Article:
A Landscape of Intervisibility (The Isle of Thanet)
The high-speed train from London St Pancras to Margate reduces speed by approximately half on the approach to and within Thanet: a reticent retardation. In this slower section of its route the train traces a long, section cut through the Wantsum, the lost sea channel, a zone of geomorphic drama and immense archaeological speculation.
Fires in the open landscape.
On an initial foray into the landscape of Thanet we walked from Minster along Marsh Farm Road to the river Stour.
The stretch of the river Stour on which we walked flowed directly toward a distant pyre, a landscape burning, somewhere in the vicinity of the decommissioned Richborough power station. We attempted to set our own fire in response, to relay the signal. But nothing burned in the sodden vicinity of the river. We later found on our walk back up Marsh Farm Road a damp pile of white cedar clippings fly-tipped against a hedgerow. Portions of this yielded a dense and aromatic smoke, sufficient to prompt a fire a few kilometres to the north, near to the embankment of the A 253.
That evening the Thanet beacons were lit: relay fires, signal sites; a ring of intervisible beacons linked to inland musters, and discrete, isolated lookouts.
From our lodgings in Broadstairs we set out on a series of forays at three points along the beacon relay on the western border of Thanet: from the ruins of the Reculver priory to the north; to the footpaths around the old port town of Sarre; and to the Roman fort at Richborough to the south. We spotted occasional fires and traces of smoke, but could not verify their intervisibility. Curiously, most seemed to have been set within the shallow valley folds of the Thanet landscape, near sheltered farms and small holdings, not on the higher vantage points. The fort and priory themselves had fallen out of use as beacon sites.
We observed and recorded the horizons of Thanet along the route. At observation point S 80 we spotted a distant smoke plume rising from somewhere within the industrial estates between Broadstairs and Margate. It was being blown horizontal by on shore breezes. It was recorded as NT 224371.
We gathered botanical specimens along the route, the ancient genetic heritage of hedgerow, meadow and river bank: cow parsley, yarrow, ivy root, jointed rush, common orache, old man’s beard, teasel and creeping thistle.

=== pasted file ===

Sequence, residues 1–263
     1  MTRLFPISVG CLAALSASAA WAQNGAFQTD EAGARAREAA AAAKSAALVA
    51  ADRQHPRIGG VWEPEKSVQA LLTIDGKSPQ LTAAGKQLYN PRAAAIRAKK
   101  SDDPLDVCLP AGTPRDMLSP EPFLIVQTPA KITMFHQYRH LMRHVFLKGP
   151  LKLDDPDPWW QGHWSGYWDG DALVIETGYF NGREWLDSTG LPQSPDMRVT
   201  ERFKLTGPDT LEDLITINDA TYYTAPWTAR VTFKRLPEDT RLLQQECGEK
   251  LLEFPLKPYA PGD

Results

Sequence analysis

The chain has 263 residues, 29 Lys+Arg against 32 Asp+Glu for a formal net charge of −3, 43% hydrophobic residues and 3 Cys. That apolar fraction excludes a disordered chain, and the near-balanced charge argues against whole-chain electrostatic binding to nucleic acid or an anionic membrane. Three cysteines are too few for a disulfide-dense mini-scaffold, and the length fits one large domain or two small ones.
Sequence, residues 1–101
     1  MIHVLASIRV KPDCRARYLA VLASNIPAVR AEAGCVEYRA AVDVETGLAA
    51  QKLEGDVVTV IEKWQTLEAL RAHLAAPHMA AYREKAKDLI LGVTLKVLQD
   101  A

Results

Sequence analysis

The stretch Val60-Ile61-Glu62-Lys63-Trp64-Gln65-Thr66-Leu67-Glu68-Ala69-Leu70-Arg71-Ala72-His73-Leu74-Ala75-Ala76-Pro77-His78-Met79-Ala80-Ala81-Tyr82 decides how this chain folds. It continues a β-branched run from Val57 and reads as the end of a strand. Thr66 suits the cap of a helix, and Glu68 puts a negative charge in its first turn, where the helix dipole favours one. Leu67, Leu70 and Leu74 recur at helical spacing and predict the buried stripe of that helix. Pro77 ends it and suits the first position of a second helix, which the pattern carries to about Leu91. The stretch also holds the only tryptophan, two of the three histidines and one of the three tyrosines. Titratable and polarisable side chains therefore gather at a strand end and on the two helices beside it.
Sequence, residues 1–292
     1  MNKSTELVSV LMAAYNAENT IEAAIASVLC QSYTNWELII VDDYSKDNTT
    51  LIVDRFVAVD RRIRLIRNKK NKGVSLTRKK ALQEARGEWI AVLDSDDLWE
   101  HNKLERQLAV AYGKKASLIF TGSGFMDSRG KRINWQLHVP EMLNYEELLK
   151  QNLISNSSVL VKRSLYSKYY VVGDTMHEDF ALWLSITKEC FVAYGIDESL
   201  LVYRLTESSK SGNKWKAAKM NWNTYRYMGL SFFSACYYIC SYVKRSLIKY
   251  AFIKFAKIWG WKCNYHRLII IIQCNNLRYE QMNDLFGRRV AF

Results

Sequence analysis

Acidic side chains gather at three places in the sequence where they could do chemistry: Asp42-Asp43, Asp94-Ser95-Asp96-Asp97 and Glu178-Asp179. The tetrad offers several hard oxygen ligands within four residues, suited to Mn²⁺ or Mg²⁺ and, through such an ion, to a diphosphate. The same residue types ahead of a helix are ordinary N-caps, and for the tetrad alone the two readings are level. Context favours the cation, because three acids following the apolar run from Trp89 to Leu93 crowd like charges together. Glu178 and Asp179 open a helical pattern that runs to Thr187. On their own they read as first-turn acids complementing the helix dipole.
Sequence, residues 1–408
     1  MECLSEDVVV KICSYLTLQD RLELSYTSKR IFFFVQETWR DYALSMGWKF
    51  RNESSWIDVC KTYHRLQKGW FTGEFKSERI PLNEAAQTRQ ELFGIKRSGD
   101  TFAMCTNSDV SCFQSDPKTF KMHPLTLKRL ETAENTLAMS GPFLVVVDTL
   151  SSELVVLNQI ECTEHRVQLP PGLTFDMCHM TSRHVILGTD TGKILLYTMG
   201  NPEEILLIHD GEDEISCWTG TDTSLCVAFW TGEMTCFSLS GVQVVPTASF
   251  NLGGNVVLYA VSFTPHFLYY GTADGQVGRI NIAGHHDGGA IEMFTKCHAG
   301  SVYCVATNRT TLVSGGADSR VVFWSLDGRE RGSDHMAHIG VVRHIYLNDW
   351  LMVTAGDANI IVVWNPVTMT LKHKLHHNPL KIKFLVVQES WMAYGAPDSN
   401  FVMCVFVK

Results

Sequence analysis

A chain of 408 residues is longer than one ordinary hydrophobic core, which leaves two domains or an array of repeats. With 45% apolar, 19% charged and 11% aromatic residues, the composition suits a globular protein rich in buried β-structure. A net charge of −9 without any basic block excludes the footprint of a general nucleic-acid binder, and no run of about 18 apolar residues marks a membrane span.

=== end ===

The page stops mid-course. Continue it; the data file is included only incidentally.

Looking back north from Richborough fort the whole of the Isle of Thanet seemed to stretch out before us, like a flat plateau to the sea. Even the steam rising from a pile of cattle manure in the mid distance had potential as a signal (177 ST 273156 (S 85).
The footpath to the fort continues beyond and down to a rail crossing to join the banks of the Stour and the route of the Saxon Shore Way. The path crosses the garden of a small holding nestled in the valley beneath the fort. Smoke drifted through its complex of out-houses, but we could not locate its source.
We attempted to set small fires in a sheltered knell by the rail crossing. But the exercise was futile. Nothing burned.
In a field beyond the knell we sat and drew the horizon, an exercise which yielded the ‘uncertain’ sightings 84 and 172.
Passing Manston on our return to Broadstairs we spotted a small fire smouldering beneath the wing of an Arab Emirates 747. Doused embers were then found in the ruins of World’s Wonder beyond on the B2050, well within the view-shed of the Manston fire.
Further smoke trails were spotted on the A256, where it dissects a property known as Ozengell Grange. The passage of the road has created two rival small holdings to either side. Two fires were clearly blazing in an intervisible relationship of close overlap. On our rapid transit through the Grange we noted that on one side a small fire had been set in a rusted Saab 900, whilst on the other a group of young men were gathered around a bin fire.
That evening the atmosphere in our Broadstairs lodgings changed and chilled. Its spiral staircase twisted one too many times. There was a depth to the house that we had not previously noticed.
We recalled a night in Malmö during which we had played darts in a sports bar until the early hours. The darts corner was decorated with paintings by a local artist, including a mother and child and a skull. The mother and child was uniquely grotesque, their conjoined forms evolving out of a worm-like whirl of smoke.
The next morning we used the sheltered courtyard of our lodgings to set and record small botanical fires, botanical smokings. The plant specimens from our forays were doused in water before being held over a candle flame in front of a blackboard. The candle was procured from the H.E Harrington General Hardware store in York Street, Broadstairs. Thinking the neighbouring house abandoned, we used its door step as a fire plinth.
That evening a couple arrived at the house, stayed the night, but lit no fire in their hearth.
Note: ‘Intervisibility’ is a term used by archaeologists when describing the network of fire beacons once used in Thanet as a warning system against sea borne invasion. In our use of terminology regarding the beacon system, we are indebted to Stuart Brooks, a postdoctoral research fellow at University College London.
This text is an extract from Photolanguage’s contribution to Maria Hellström Reimer (ed), Land Use Poetics (Swedish University of Agricultural Sciences, Department of Landscape Architecture, 2011)